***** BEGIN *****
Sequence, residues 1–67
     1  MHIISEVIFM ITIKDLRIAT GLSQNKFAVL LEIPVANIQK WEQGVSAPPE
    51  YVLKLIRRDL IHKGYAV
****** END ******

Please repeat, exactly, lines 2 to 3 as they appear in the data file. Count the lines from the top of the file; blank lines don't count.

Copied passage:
     1  MHIISEVIFM ITIKDLRIAT GLSQNKFAVL LEIPVANIQK WEQGVSAPPE
    51  YVLKLIRRDL IHKGYAV